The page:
Why Spanking Is Harmfulinneraspie.blogspot.com | Oct 2nd 2012
It seems that a week can't go by where there isn't some thread on a public page on Facebook where people are voraciously arguing over Corporal Punishment. From what I have gathered those for it are in the minority. You might not know it, based on their reactions, but I always find that to be a good indication of how valid one really think their opinion is. If I know my actions are noble I won't feel the need to get over the top defensive if someone doesn't agree with me. I don't need them to tell me I am right, or agree with me to feel validated. If I feel confident in my own decision, then I will be able to have a civil debate about why I think the way I do and be okay if I can't sway the other party to my 'side' as it were.
So, what does science say about spanking? One recent study showed a clear association with
"the proportion of illnesses such as depression, anxiety, alcohol and drug abuse as well as personality disorders that may be attributable to physical punishment".
" Despite American Academy of Pediatrics recommendations to the contrary, most parents in the United States approve of and have used CP as a form of child discipline. The current findings suggest that even minor forms of CP, such as spanking, increase risk for increased child aggressive behavior. Importantly, these findings cannot be attributed to possible confounding effects of a host of other maternal parenting risk factors."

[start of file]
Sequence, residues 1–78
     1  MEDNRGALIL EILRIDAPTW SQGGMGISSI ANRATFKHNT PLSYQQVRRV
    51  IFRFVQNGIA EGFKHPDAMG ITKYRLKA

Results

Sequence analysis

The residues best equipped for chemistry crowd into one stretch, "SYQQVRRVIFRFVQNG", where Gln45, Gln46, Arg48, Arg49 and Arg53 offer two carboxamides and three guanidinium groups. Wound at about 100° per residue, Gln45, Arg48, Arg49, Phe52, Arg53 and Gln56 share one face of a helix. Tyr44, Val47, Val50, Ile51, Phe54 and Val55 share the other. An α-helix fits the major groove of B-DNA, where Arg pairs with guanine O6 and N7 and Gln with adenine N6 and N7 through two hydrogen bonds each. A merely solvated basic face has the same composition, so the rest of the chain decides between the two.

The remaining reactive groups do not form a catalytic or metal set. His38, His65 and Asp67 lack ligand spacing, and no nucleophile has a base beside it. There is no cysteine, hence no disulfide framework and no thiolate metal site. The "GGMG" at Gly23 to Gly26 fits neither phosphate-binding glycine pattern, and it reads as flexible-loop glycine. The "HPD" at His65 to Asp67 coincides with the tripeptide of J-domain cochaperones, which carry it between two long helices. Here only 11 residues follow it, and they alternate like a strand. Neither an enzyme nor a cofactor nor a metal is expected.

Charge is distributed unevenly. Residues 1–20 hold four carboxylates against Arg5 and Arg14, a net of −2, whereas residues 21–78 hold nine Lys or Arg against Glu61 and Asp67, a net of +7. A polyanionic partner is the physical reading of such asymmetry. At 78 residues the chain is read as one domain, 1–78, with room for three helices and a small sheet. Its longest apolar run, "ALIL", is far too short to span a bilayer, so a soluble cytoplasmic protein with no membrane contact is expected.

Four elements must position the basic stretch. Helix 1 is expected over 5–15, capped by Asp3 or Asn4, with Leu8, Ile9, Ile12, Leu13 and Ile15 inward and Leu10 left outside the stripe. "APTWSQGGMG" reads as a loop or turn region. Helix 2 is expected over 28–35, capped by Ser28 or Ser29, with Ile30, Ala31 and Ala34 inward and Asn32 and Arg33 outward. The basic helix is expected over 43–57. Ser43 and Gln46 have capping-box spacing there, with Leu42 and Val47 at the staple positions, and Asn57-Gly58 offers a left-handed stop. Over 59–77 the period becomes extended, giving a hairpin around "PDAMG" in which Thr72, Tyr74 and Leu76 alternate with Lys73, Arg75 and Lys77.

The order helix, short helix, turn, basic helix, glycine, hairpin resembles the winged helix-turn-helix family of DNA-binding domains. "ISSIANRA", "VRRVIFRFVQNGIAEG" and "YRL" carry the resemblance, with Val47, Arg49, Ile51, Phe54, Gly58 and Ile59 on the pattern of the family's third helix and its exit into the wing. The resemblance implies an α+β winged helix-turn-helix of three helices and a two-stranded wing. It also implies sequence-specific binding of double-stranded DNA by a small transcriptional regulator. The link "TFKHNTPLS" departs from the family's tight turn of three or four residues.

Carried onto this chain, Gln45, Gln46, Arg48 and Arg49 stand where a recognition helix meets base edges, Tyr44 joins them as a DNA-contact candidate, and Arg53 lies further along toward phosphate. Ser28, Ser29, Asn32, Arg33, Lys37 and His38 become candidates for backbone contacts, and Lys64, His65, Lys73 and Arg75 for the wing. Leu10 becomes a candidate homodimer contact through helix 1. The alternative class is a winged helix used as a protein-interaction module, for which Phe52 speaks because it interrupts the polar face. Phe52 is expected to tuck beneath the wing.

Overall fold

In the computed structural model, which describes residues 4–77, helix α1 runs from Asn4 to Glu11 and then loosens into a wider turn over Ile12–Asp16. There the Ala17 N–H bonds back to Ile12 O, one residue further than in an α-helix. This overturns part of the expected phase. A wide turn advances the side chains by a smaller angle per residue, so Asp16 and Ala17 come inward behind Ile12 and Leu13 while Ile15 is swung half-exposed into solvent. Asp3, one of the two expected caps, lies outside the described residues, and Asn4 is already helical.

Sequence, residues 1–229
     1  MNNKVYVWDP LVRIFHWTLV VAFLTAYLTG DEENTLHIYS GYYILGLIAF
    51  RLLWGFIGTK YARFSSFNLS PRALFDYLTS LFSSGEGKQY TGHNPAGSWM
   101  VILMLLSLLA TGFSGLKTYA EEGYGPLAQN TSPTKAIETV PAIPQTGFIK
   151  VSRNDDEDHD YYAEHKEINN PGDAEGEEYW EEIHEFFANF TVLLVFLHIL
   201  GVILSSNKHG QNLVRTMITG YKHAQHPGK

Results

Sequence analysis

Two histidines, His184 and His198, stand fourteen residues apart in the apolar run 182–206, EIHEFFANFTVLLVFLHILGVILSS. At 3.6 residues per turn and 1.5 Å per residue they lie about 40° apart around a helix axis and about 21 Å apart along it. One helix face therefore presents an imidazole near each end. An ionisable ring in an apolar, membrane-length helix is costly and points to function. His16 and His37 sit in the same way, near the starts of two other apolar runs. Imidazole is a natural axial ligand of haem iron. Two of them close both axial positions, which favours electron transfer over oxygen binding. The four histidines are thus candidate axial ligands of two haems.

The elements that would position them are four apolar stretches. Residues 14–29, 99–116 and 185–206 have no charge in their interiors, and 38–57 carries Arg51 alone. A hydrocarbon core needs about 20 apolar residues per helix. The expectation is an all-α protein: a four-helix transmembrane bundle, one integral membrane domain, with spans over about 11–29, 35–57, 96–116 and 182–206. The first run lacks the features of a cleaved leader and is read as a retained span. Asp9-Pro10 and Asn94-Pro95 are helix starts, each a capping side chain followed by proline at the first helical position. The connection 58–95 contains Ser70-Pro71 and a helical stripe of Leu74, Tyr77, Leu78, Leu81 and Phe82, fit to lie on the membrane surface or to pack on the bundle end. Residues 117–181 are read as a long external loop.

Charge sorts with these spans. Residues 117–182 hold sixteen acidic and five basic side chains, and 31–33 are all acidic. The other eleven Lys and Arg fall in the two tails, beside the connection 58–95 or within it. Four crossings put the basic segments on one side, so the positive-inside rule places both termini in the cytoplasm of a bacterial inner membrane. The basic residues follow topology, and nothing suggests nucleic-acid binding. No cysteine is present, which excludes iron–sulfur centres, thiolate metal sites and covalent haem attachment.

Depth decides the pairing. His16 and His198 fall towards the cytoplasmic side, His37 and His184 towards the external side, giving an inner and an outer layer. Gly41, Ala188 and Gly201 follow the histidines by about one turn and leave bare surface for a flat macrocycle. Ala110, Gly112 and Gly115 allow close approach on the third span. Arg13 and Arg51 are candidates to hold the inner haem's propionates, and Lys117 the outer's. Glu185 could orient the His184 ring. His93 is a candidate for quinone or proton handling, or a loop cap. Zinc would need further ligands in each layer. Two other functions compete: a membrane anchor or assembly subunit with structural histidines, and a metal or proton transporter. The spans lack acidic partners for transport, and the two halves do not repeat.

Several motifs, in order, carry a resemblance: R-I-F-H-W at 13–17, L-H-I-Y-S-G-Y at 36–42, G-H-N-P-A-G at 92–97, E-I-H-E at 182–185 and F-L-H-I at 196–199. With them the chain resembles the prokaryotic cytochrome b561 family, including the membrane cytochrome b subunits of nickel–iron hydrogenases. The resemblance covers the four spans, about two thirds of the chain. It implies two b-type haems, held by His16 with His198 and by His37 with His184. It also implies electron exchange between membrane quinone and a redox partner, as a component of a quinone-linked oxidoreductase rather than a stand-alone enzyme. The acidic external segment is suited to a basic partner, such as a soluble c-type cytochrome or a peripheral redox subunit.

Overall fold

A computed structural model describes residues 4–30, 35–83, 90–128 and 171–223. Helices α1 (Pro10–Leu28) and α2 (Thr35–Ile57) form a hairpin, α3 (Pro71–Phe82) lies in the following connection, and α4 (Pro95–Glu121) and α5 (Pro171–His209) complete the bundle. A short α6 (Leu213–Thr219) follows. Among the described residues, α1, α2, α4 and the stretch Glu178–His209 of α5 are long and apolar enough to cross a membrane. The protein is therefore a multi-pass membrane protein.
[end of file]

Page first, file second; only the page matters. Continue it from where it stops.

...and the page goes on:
Those are just a couple of the studies that have shown that spanking isn't beneficial to any child for any reason, for any age. I can't find one study that says it is. If you have one, please share it with me. The interesting thing to me is, even though it is not recommended by any expert that knows anything about child development, the studies say parents continue to do it anyway. This leads me to believe that we don't have enough information and know how to discipline differently. As humans we do what we know, even if it's not effective. We're creatures of habit and tradition.
My other issue with hitting kids (and make no mistake anytime you spank your child it IS by definition hitting them) is that it's illegal to hit anyone else, so why are children not afforded the same right? If your spouse, neighbor, or waiter pisses you off you aren't allowed to hit them. Even if they lie to you, steal your stuff, or otherwise do something off the wall morally wrong. You are not allowed by law to hit them unless it's to defend yourself from harm. If you do, you can be arrested for assault. So, why is it okay to hit a little defenseless person? What if you do it just enough to hurt them, and teach that neighbor of yours you mean business? Is that legal? No. So why is it legal to do it to a child. Hitting is hitting.
Before, all of you think that I am on my high horse, I will admit to using spanking a handful of times with my 2 oldest. I stopped, because it seemed not only ineffective, but it seemed to make their behavior worse. I set out to find another way.